By By ANGIEAca,!E+THORNE Guardian staff writerJuly 20, 2009
Ask any Soldier and they'll probably tell you that practice and training are imperative parts of a mission. But implementing those actions in a real situation is different from repetitive practice sessions. When real-life situations occur, people find out what they're made of and whether that hard work has been effective.
While traveling home from Fort Polk, southbound on La. Hwy 171 June 5, Spc. Billie Hebner, medic and non-commissioned officer in charge, attached to 209th Military Police Company, 1st Maneuver Enhancement Brigade, encountered one of those real-life situations.
Hebner witnessed an accident June 5 and pulled over to assist. "A truck pulling out from a stop sign hit a sports bike right in front of me. They collided and the young man was ejected from his bike," she said.
Hebner rendered first aid. "Being a medic, I just did what came naturally. The person on the motorcycle was the only injury, so I made sure he was still conscious and comfortable. The rider's arm was fractured and my 10 years as a medic helped because I knew exactly what to do. For a motorcycle accident, the injuries could have been a lot worse," said Hebner.
Her commander said he was impressed with what Hebner did. "A lot of people drive by these days if a car is broken down or something happens. It's more about stopping to look and drive on, but she stopped and assisted. She did what she was trained to do, but not just for her Soldiers, she took care of civilians as well. I think that shows she cares about what she does and about the people she is helping," said Capt. Andrew Hoeprich, commander, 209th MP Co.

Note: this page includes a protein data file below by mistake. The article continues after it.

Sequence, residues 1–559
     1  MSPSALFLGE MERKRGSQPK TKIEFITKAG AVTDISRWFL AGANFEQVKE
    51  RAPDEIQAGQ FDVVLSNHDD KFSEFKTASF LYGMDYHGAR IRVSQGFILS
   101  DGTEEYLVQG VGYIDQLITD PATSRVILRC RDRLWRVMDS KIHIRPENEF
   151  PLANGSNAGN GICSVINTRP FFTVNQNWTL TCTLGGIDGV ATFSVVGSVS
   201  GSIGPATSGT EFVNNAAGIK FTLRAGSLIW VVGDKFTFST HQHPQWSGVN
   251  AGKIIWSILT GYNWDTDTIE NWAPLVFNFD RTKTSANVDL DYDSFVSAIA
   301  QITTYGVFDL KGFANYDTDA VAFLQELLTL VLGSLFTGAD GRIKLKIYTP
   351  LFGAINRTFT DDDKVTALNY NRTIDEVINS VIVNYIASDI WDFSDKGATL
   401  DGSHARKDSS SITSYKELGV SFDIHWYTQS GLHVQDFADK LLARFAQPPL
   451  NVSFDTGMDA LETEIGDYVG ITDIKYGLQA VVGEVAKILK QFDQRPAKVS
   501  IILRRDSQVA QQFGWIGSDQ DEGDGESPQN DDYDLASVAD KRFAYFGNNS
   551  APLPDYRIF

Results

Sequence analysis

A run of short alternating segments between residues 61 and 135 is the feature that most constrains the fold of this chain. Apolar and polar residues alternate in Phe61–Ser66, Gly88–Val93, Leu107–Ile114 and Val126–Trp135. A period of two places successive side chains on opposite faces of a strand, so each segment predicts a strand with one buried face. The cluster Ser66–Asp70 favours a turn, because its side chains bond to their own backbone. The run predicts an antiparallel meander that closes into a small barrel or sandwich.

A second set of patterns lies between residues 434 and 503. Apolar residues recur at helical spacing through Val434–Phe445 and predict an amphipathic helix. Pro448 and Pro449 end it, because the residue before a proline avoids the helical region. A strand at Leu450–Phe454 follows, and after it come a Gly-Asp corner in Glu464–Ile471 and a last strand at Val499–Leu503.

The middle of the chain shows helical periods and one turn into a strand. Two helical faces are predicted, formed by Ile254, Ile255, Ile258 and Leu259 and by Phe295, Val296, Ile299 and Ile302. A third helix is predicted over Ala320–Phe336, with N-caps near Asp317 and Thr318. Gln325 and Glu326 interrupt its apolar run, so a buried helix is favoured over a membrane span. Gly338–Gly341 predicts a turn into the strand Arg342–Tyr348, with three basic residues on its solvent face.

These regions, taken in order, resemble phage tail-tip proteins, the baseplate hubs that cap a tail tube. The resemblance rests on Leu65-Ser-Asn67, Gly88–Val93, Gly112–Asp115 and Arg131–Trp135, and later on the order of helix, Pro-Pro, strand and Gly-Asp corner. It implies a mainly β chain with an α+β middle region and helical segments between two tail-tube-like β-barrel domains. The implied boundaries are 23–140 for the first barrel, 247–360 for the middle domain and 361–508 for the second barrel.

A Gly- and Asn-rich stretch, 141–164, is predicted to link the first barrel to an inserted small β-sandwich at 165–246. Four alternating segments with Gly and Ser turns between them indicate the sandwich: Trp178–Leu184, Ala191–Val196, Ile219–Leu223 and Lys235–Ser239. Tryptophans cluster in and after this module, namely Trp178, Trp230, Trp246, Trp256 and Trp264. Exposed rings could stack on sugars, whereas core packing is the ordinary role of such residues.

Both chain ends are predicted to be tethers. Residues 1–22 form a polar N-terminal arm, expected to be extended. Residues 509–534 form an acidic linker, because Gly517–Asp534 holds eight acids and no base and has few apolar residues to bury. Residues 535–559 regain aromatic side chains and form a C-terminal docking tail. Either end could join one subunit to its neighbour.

Hebner said it was all about doing the right thing. "I'm a motorcycle rider myself and I hope if something like this ever happens to me, there would be somebody there to help."
The accident victim, Ted Stoneburner, is a veteran Soldier working at Cubic. Stoneburner is grateful that Hebner drove by when she did. "I'm so glad she stopped to helped me. She showed up and took control of the scene. She directed other people who had stopped to help me by holding my head still in case of spinal injury, stabilizing my arm (it was broken in six places) and directing traffic. I'm glad the Army instills values like selfless service. I believe she is a prime example of that," said Stoneburner.
Hoeprich said Hebner, his senior medic, is compassionate about her work. "It's not just in this incident. She puts a lot of effort into everything she does. I think how she reacted to the accident shows who she is, as well as her dedication and compassion for her fellow man," he said.
Hebner said the accident has had a sobering effect. "I didn't ride my bike for two weeks after I witnessed the accident. I already wear all the protective gear to avoid injury, but now I'm being a lot more careful," said Hebner.
Hebner said the attention the accident has drawn upon her is unnecessary. "I wouldn't say I'm uncomfortable with the attention; I just did what I would hope any normal person would do. I followed the instincts of my job. I don't feel I did anything special," said Hebner.